Ok, so get this from the onset of this post. I am not advocating that you all go out and modify your guns, period! I am however discussing modifications that may help with speed, accuracy, and comfort for experienced shooters. Modifications to your gun should never be done in the name of “coolness”. Any mods need to have a purpose and above all work reliably.
Before I really get started, let me get the safety and legal bits out of the way. Trigger discipline is trigger discipline and the bang switch doesn’t go bang until you pull it. Light weight triggers don’t cause negligent discharges, negligent shooters do. Having said that, if you aren’t an experienced shooter, get the basics down before you have a gunsmith make any changes to your weapon. Notice I said gunsmith, DON’T WATCH Youtube AND GO MONKEYING AROUND with a tool that is meant to save your life and the lives of those you love! As far as the legal end of things, if you are involved in an incident, expect everything to be questioned by the prosecution. A legal shooting in self defense is a legal shooting in self defense. The Zimmerman case showed us all that. If you are within your rights, and defending your life or the life of the another then you are on as solid a footing as possible legally. Will modifications be questioned? Yes they will, but your training, experience, caliber, and every aspect of your life will be questioned. I will definitely advise against barrels with “wait for flash” or skulls, etc. Don’t give any credence to an attorney painting you as a gun crazy killer. The bottom line is that you are in deep waters if you have to use your gun, so use common sense when making any modifications and have them done by a professional that can testify if needed.
Let’s talk about my personal modifications to my daily carry gun, the Beretta 92. The trigger spring has been converted from a mouse trap spring to a cam/coil set up. I made this modification for two reasons, the first and most important is reliability. Wolff Spring actually developed this modification for INS and border patrol because they were experiencing broken trigger springs. So this modification makes my gun more reliable. It also makes the trigger pull smoother and slightly lighter which both assist in speed and accuracy. Speed and accuracy is what wins a gun fight. The person that gets off the fastest accurate shots is the one that wins, period. The “D” spring conversion is a lightened hammer spring that also makes the trigger pull lighter and smoother. Another reason for these modifications is that my wife couldn’t use my gun due to the weight of the trigger. it was just too heavy and she wasn’t strong enough to pull it.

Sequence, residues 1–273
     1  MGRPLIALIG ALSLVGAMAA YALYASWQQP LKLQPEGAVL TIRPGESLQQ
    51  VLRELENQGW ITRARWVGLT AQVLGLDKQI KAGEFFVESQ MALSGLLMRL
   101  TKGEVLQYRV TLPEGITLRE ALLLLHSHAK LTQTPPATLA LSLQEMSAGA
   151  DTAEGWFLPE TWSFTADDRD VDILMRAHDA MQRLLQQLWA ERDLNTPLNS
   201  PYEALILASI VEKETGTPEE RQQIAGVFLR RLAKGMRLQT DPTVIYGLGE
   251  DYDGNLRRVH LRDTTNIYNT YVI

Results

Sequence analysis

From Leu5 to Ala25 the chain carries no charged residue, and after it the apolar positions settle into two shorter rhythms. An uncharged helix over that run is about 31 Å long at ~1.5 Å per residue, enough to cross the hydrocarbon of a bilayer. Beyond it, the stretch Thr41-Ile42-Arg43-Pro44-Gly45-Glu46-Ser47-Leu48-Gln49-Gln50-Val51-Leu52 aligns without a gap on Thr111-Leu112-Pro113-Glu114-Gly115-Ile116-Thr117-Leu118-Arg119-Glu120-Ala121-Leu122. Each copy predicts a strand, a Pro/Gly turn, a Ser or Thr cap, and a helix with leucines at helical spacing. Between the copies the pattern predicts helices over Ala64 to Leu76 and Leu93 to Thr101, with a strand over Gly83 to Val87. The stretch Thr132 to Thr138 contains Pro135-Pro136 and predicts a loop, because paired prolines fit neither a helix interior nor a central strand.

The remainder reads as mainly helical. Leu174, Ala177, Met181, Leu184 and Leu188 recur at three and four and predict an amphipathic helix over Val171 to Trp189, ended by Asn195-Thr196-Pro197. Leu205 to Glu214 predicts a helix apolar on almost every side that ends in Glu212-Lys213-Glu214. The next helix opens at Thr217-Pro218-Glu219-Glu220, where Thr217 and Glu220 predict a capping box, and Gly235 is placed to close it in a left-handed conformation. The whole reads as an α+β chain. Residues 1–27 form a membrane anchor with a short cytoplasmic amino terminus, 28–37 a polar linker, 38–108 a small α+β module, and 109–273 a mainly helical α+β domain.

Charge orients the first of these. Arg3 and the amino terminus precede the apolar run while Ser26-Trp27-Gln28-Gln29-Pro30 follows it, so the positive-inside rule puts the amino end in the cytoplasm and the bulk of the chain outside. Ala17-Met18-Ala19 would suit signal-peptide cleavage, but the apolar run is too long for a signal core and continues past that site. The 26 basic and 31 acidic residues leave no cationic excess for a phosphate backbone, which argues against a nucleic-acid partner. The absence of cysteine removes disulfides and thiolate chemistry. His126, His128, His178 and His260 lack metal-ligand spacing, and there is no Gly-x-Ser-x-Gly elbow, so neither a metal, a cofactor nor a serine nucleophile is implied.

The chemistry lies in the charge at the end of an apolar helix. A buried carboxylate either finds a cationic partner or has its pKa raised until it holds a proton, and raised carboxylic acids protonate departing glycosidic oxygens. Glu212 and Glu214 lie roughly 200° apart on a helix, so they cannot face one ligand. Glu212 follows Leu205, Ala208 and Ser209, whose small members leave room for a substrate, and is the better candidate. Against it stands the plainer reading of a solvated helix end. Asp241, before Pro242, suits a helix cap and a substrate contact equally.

The other major modification I made to my daily gun is the magazine release button. I replaced the small circular button with a very large over sized knurled pad. Under stress your small motor skills go to hell in a hand basket, and the body is functioning on muscle memory. I made this modification to assist in magazine changes under stress in the event of a high stress shoot out type of incident. I carry high capacity magazines and if I have gone through 21 rounds, then things have gone from SHTF to plan B survival mode. This isn’t a huge mod that is super stylish, nor are the trigger modifications. Neither of these modifications look cool and Joe Average would never know the difference. They were made for usability and reliability, not looks.
Do you see how I can justify these modification if I was on the stand in court? As a firearms instructor and former police officer, I can with confidence explain why these are not frivolous mods that they are not dangerous. I haven’t turned my daily carry handgun into a full race gun meant for competition. It is useable and within reason when it comes to trigger weight and such. While on the subject of trigger weight, in my opinion there is no such thing as a “duty/carry” weight trigger and a “competition only” weight trigger. As I said before, the trigger will not pull itself and is not a safety hazard unless the shooter is negligent. There are no accidental discharges, only negligent discharges by negligent gun owners. A person can have 50 safety devices attached to their weapon and still experience a negligent discharge because of their own ignorance or carelessness.
Ok, so you want to make a few modifications but don’t know where to start. In my next post I will give you a few good ideas that are backed by solid information. Stay tuned!